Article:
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US dollar grabs bigger share in global currency reserves, but broader trend indicates shift away from greenback

US dollar grabs bigger share in global currency reserves, but broader trend indicates shift away from greenback
The share of the US dollar held by global central banks totaled 59.5% from January through March, up from 58.9% recorded in the previous quarter, according to data revealed by the International Monetary Fund (IMF).

The greenback remained the largest-held currency reserve by national monetary regulators. In the first quarter, the dollar index gained 3.6%.

“Given the US dollar’s broader gains through Q1, the rise in US dollar’s holdings may be more apparent than real,” Shaun Osborne, the chief FX strategist at Scotiabank in Toronto, said as quoted by Reuters.

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The IMF recorded peak allocation for the US dollar in the second quarter of 2001, when its share in global reserves totaled 72.7%.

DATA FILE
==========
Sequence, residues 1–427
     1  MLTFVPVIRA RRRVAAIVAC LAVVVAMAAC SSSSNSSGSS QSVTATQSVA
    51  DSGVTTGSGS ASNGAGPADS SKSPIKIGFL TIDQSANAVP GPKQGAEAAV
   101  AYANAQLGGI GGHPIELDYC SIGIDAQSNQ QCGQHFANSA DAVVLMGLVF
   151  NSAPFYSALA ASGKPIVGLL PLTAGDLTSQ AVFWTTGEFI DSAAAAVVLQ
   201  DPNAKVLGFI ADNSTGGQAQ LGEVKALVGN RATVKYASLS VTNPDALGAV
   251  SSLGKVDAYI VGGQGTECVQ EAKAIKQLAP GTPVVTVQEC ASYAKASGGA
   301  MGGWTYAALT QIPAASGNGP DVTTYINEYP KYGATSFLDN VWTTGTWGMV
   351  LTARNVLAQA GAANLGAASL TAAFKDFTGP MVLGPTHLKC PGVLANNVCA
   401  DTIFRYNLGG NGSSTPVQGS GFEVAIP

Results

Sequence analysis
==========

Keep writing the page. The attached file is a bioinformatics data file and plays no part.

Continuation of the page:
“Broader trends do underscore the gradual shift away from the US dollar in reserve holdings,” Osborne said, stressing that the trend has been persistent, while currency diversification has developed at a gradual pace.

Global reserves held in US dollars declined to $6.991 trillion in the first three months of the year versus $6.996 trillion in the fourth quarter of 2020.

Meanwhile, reserves held in euros dropped 4.4% on a quarterly basis to $2.415 trillion. The share of the euro declined to 20.6% in the first quarter against 21.3% in the previous quarter.

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The share of euro in the fourth quarter of last year reportedly was the highest since 2014. In 2009, the euro reached its highest share of global forex reserves, hitting 28%.

The Chinese yuan’s share increased to 2.4% in the first quarter, from 2.2% in the previous three months. China’s share gained for five consecutive quarters, with yuan reserves rising 7% to $287 billion.

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